The Shark at the Pool

July 31, 2012


The  pale guy with the ginger beard and stocky body is trying way too hard.  My husband and I sit on nearby deck chairs, sunglasses on, magazines in hand, ears pricked. Stuff like this is too good to miss.

It’s ninety degrees outside, but ginger beard is lounging in the hot tub, beads of sweat slicing down his neck. Occassionally he dunks his head under the bubbling froth and then surfaces, wiping his beard with one hand, face pink and eager.

Two slip-thin girls, slick with tanning oil, sit near the hot tub, sharing an oversized beach lounge. They’re the reason ginger beard is braving the hot tub in this heat, and he’s working it, despite the disinterested and mono-syllabic responses he’s getting from the girls.

“So, are you girls going to check out Boulder while you’re here?” he asks, taking a tall draw from his beer.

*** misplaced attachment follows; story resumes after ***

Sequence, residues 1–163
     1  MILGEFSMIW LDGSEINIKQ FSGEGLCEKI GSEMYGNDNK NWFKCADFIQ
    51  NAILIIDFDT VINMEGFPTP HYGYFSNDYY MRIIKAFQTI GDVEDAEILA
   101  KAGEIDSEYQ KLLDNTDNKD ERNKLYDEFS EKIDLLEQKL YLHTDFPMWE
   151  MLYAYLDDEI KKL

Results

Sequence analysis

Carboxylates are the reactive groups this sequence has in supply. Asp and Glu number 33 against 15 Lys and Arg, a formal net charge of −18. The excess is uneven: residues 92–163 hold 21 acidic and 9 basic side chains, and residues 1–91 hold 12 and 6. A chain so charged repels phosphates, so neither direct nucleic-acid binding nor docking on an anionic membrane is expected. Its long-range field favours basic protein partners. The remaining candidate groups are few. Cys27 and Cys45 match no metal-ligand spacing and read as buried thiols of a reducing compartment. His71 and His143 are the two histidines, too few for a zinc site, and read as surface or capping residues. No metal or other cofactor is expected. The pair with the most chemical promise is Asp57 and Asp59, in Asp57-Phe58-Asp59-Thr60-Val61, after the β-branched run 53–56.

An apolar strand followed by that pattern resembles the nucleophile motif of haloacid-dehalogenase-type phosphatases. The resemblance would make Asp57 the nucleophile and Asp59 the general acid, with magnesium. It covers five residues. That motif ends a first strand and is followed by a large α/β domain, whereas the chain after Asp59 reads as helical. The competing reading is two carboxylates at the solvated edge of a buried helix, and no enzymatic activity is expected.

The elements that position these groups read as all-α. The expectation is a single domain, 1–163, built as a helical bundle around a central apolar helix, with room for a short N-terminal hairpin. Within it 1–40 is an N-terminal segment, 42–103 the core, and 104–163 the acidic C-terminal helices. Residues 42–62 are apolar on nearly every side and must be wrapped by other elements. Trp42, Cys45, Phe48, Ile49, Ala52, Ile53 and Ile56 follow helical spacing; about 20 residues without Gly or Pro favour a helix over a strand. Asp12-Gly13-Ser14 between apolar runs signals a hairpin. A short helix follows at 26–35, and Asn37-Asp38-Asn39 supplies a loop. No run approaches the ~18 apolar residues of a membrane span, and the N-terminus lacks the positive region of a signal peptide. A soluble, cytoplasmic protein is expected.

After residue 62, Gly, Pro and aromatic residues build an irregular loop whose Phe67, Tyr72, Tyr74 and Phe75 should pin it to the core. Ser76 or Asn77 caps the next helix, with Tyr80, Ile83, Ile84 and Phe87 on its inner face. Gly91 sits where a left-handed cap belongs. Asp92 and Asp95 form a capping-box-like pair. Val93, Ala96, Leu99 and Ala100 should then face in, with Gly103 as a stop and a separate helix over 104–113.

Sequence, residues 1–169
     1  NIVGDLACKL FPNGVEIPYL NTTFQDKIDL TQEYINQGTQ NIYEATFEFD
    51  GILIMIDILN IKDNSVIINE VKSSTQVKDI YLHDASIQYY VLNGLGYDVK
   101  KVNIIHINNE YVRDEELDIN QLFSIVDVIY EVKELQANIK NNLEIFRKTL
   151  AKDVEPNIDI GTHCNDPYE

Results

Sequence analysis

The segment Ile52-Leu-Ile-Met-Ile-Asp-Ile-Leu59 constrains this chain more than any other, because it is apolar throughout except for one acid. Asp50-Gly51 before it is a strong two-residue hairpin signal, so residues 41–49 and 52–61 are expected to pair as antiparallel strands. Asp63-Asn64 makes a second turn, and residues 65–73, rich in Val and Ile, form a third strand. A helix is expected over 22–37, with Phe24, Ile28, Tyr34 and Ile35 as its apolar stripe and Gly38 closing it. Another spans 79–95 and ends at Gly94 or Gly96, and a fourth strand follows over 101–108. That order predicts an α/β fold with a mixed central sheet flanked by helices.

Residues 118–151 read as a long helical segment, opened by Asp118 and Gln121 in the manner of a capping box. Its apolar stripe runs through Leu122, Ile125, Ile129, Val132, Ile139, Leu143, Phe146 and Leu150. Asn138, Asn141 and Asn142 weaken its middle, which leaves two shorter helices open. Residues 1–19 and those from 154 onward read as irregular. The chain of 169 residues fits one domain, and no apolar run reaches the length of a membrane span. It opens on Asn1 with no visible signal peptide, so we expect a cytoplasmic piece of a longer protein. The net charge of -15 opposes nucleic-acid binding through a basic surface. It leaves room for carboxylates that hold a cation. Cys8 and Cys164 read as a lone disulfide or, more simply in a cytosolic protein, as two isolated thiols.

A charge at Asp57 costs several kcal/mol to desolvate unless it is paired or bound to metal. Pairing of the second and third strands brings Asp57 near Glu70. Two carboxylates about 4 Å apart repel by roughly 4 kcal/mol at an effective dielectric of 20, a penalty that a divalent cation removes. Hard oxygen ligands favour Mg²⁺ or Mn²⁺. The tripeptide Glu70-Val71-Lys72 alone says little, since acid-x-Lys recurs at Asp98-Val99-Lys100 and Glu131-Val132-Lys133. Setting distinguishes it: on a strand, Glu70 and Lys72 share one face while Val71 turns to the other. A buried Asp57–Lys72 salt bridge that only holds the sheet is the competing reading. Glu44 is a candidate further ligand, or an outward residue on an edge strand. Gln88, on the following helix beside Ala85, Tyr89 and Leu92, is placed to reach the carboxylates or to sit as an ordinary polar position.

The girl in the red bikini–Bree–has resorted to pretending to text on her cell phone. She’s put up with ten minutes of his attention and she’s had it. She focuses on the small screen, wordless.

The girl with hair so blond it’s almost white–Jessica–has a softer heart. She can’t bring herself to just cut ginger beard down outright. She shrugs and says, “I dunno,” and then looks out across the pool area, searching for a place to relocate.

“I mean, Boulder’s not like Chicago or anything,” ginger beard says, “but it’s a cool little town. I work there. I’m in the tech industry and Boulder’s really booming right now,” he says. “I work my ass off but the money’s great.”

“Yeow,” my husband whispers to me. “Already playing the money card.”

“Well, he’s not going to get by on looks,” I say, squeezing lime into my gin and tonic. “Especially if he stays in that hot tub much longer. He’s going from the soft-boiled stage to the hard-boiled. Look how freakin’ red his face is.”

Jessica looks at her friend. Still texting. She gives a weary little sigh and says, “maybe we’ll get up there.”